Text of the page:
Slowest US job growth in seven months
7 May 2016
The US economy continued to stagnate in April, creating a mere 160,000 jobs, far fewer than the 200,000 predicted by economists and the lowest number in seven months, according to the monthly employment report released Friday by the Labor Department.
Employment gains have averaged 192,000 a month so far this year, well below 2015’s average of 229,000 jobs a month.
The official unemployment remained at 5.0 percent, while employment fell by the most since 2013. The labor force actually declined, with 362,000 people dropping out of the labor market. The labor participation rate—the share of working-age people in the labor force—dropped to 62.8 percent from the previous month’s 63 percent. The employment-to-population ratio also declined, falling to 59.7 percent.
These dismal figures are consistent with recent data showing a sharp deceleration in US economic growth, which has slowed for three consecutive quarters. Last week, the government reported that the nation’s gross domestic product rose by only 0.5 percent in the first three months of 2016, the weakest quarterly pace in two years. Of particular significance was a dramatic decline in business investment, portending more months of minimal job growth.
Earlier this week, the government reported a sharp decline in US imports, a direct reflection of the deepening slump in the global economy. In April, the International Monetary Fund downgraded its projection for global economic growth for the fourth straight time in a year and warned of a “synchronized slowdown.”
On Thursday, the outplacement consultancy firm Challenger, Gray & Christmas reported a sharp increase in layoff announcements by US-based companies in April. Challenger said employers had given notification of workforce reductions totaling 65,141 jobs, a 35 percent increase over March and nearly 6 percent higher than the number recorded in April of 2015.
The company noted that US employers announced more than 250,000 job cuts through the first four months of 2016, 24 percent higher than the same period a year ago and the highest January-April total since the depths of the economic crisis in 2009.
“We continue to see large-scale layoffs in the energy sector, where low oil prices are driving down profits. However, we are also seeing heavy downsizing activity in other areas, such as computers and retail,” said the firm’s CEO, John A. Challenger. The report pointed out that the energy section announced a further 19,759 job cuts in April, bringing the year-to-date total to 72,660. It also noted that computer firms announced nearly 17,000 job cuts last month, including 12,000 by chipmaker Intel.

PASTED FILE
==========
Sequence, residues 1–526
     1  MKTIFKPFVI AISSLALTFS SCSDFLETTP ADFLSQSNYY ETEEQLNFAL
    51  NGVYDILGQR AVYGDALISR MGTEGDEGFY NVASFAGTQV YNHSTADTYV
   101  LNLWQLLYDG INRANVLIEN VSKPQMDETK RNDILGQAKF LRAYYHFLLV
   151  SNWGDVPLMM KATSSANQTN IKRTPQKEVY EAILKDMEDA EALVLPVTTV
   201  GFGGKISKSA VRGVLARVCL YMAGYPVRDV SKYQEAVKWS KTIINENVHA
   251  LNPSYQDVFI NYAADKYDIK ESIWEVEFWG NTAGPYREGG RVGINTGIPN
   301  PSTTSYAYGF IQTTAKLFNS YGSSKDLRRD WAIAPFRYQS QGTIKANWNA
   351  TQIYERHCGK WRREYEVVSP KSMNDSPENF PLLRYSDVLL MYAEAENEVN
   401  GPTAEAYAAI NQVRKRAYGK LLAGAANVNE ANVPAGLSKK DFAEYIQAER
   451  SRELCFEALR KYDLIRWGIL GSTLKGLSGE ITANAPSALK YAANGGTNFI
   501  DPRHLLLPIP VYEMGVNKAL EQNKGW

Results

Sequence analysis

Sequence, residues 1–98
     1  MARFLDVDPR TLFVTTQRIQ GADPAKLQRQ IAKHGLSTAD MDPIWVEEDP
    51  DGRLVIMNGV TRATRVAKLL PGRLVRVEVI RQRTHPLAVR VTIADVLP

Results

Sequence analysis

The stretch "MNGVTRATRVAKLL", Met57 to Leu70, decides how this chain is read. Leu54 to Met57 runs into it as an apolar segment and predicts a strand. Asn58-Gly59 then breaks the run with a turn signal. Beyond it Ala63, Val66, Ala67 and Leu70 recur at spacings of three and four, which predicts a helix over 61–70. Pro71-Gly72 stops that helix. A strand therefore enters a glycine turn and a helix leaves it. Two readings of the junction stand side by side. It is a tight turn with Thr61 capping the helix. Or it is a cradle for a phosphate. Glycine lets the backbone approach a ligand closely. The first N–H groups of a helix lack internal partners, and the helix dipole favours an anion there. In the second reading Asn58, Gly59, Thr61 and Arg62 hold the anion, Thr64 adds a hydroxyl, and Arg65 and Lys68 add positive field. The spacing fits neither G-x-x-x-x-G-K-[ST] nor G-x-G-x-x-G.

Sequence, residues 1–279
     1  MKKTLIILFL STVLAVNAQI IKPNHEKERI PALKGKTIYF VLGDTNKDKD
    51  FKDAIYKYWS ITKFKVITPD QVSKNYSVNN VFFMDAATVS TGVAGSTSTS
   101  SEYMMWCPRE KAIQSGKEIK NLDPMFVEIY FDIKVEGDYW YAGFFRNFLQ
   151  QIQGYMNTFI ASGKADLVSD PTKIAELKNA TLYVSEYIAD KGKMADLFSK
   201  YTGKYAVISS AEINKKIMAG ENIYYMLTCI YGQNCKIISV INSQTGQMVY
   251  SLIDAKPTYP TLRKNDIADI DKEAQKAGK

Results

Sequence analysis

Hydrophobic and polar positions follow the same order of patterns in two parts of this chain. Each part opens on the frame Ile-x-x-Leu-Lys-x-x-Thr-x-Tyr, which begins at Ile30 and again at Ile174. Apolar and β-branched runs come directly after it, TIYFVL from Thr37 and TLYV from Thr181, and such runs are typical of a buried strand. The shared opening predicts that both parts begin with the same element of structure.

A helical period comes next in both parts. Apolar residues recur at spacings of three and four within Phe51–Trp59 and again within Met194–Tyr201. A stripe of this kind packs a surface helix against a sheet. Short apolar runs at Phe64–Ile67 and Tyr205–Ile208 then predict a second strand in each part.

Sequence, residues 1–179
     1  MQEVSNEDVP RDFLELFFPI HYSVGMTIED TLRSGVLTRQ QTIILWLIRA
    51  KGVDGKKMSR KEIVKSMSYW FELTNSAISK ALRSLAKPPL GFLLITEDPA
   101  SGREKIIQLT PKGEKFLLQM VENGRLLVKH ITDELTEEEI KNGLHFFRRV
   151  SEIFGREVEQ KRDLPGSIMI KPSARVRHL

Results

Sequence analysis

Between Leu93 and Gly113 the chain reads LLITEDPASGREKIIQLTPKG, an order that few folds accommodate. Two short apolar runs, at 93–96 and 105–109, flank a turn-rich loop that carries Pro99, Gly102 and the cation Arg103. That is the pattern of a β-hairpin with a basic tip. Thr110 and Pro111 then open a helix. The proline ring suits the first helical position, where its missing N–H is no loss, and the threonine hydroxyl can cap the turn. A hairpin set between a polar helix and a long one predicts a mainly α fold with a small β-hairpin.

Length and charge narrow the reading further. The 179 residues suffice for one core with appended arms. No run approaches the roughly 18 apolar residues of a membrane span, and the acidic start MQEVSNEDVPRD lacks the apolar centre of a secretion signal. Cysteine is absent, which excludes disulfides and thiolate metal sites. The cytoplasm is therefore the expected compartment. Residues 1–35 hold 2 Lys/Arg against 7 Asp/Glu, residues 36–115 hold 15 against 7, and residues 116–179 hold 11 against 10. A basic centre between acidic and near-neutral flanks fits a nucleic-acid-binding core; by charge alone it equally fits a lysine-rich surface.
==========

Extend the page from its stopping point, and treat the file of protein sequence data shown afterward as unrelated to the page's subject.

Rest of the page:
The official 5.0 percent unemployment figure masks a continuing jobs crisis and deterioration in the wages and working conditions of broad sections of the population. The vast majority of jobs wiped out in the so-called Great Recession that followed the financial crash of 2008 have been replaced during the Obama “recovery” that began in mid-2009 with low-wage, part-time, temporary and contingent jobs. This regression in working-class living standards is reflected in soaring mortality rates, rising suicide and drug addiction rates and declining life expectancy for substantial social layers.
The acute social crisis has found expression in recent weeks in a wave of store closings and layoffs by large retail chains, including Walmart, Sears/Kmart and Macy’s, whose revenues and profits have been impacted by the economic distress of their customer base.
In April, there were still 7.9 million people officially counted as unemployed. That number, however, excludes millions of people who have dropped out of the labor market because they are unable to secure a job that pays a living wage, and an additional 6 million people who are working part-time only because they cannot get a full-time job.
The US financial markets rose in response to the poor jobs report, based on the calculation that the weak figures made it less likely the Federal Reserve Board would raise interest rates when it meets next month.
In typical fashion, President Obama and others in his administration attempted to present the April jobs report as a positive vindication of their economic policies. Obama held a brief White House press conference in which he hailed the report, saying, “The [economy] has been growing, unemployment has been falling and wages have been rising.”
His labor secretary, Thomas E. Perez, was even more enthusiastic. “Today’s report,” he declared, “is further evidence of a steady recovery that continues to put more people back to work… Despite a lot of naysaying from some people, the plain truth is that the economy has bounced back impressively from the Great Recession, creating opportunity and improving the lives of millions of people.”
The net gain in private-sector jobs in April was 171,000, but government jobs declined by 11,000, mostly as a result of cuts in the US Postal Service and in education. The job figures for the two previous months were downwardly revised by a combined total of 19,000.
Retailers cut payrolls by the most in two years, and construction firms added only 1,000 positions. Employment in mining and logging, a category that includes the coal, oil and gas industry, fell by 8,000 in April. The sector lost 136,000 jobs from a year earlier.
Manufacturers added 4,000 jobs during April, but factories shed 47,000 jobs in the first three months of the year.
Press reports generally hailed a rise in average hourly earnings for the month of 0.3 percent from the prior month, bringing the annualized rate of growth since April 2015 to 2.5 percent. However, economists consider growth of at least 3.5 percent to be indicative of a healthy labor market.
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